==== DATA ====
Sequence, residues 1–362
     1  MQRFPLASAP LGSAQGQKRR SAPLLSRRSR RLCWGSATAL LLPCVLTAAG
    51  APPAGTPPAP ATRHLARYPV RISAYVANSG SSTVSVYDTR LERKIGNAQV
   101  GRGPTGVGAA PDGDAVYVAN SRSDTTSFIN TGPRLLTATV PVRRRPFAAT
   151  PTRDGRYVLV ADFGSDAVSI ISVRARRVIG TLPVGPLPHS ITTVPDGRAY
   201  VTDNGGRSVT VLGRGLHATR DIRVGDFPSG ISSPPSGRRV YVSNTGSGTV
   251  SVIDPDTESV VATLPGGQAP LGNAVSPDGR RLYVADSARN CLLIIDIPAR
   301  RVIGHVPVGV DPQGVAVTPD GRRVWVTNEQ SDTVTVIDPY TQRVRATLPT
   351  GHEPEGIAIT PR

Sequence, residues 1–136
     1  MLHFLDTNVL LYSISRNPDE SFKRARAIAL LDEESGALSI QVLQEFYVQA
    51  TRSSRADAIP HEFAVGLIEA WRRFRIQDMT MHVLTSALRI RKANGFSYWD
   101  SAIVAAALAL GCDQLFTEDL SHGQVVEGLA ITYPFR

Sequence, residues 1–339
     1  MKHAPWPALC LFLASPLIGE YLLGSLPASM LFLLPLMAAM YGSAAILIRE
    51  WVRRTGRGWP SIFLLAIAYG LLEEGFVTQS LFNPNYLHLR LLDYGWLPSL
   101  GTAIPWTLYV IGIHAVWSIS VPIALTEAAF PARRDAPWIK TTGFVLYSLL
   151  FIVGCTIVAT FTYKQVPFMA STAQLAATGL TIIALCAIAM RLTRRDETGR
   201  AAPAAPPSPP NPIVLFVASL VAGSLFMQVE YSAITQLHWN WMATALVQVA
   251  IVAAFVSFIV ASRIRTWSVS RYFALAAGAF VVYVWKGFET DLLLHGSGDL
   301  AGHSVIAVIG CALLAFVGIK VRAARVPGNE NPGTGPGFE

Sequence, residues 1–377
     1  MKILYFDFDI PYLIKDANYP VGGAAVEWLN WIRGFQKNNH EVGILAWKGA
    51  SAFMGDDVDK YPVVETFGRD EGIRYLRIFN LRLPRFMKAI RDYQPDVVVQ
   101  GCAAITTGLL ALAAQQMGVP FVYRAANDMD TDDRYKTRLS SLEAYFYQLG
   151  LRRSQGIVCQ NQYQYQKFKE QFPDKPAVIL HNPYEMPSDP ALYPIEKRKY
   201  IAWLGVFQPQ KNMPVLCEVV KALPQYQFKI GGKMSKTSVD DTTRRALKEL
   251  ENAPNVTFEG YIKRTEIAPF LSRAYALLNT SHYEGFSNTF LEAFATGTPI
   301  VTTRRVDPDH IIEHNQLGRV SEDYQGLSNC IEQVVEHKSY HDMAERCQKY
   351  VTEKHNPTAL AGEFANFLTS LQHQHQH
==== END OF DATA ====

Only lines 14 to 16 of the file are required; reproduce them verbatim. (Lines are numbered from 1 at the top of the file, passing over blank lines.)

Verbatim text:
Sequence, residues 1–339
     1  MKHAPWPALC LFLASPLIGE YLLGSLPASM LFLLPLMAAM YGSAAILIRE
    51  WVRRTGRGWP SIFLLAIAYG LLEEGFVTQS LFNPNYLHLR LLDYGWLPSL